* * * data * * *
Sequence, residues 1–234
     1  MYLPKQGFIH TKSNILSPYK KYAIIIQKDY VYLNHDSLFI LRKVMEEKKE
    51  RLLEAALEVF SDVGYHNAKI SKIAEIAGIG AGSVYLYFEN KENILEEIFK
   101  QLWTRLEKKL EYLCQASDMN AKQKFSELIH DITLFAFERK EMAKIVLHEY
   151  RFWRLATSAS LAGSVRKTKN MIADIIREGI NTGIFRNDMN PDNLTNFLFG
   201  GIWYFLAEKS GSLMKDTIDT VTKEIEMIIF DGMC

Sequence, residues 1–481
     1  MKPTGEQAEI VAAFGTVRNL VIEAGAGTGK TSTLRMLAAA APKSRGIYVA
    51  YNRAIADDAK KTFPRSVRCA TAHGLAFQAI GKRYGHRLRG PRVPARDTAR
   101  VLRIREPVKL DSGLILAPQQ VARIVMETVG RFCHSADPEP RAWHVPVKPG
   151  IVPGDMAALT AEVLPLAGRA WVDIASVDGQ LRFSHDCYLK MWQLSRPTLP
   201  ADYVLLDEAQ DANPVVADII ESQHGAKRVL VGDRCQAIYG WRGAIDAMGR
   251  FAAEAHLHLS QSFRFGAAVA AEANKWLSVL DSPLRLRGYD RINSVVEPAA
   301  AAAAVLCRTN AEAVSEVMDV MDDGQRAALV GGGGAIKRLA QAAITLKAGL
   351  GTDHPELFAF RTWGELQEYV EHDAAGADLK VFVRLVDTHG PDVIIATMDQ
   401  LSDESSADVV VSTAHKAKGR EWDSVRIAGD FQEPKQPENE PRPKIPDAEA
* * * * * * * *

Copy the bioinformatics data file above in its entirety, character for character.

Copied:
Sequence, residues 1–234
     1  MYLPKQGFIH TKSNILSPYK KYAIIIQKDY VYLNHDSLFI LRKVMEEKKE
    51  RLLEAALEVF SDVGYHNAKI SKIAEIAGIG AGSVYLYFEN KENILEEIFK
   101  QLWTRLEKKL EYLCQASDMN AKQKFSELIH DITLFAFERK EMAKIVLHEY
   151  RFWRLATSAS LAGSVRKTKN MIADIIREGI NTGIFRNDMN PDNLTNFLFG
   201  GIWYFLAEKS GSLMKDTIDT VTKEIEMIIF DGMC

Sequence, residues 1–481
     1  MKPTGEQAEI VAAFGTVRNL VIEAGAGTGK TSTLRMLAAA APKSRGIYVA
    51  YNRAIADDAK KTFPRSVRCA TAHGLAFQAI GKRYGHRLRG PRVPARDTAR
   101  VLRIREPVKL DSGLILAPQQ VARIVMETVG RFCHSADPEP RAWHVPVKPG
   151  IVPGDMAALT AEVLPLAGRA WVDIASVDGQ LRFSHDCYLK MWQLSRPTLP
   201  ADYVLLDEAQ DANPVVADII ESQHGAKRVL VGDRCQAIYG WRGAIDAMGR
   251  FAAEAHLHLS QSFRFGAAVA AEANKWLSVL DSPLRLRGYD RINSVVEPAA
   301  AAAAVLCRTN AEAVSEVMDV MDDGQRAALV GGGGAIKRLA QAAITLKAGL
   351  GTDHPELFAF RTWGELQEYV EHDAAGADLK VFVRLVDTHG PDVIIATMDQ
   401  LSDESSADVV VSTAHKAKGR EWDSVRIAGD FQEPKQPENE PRPKIPDAEA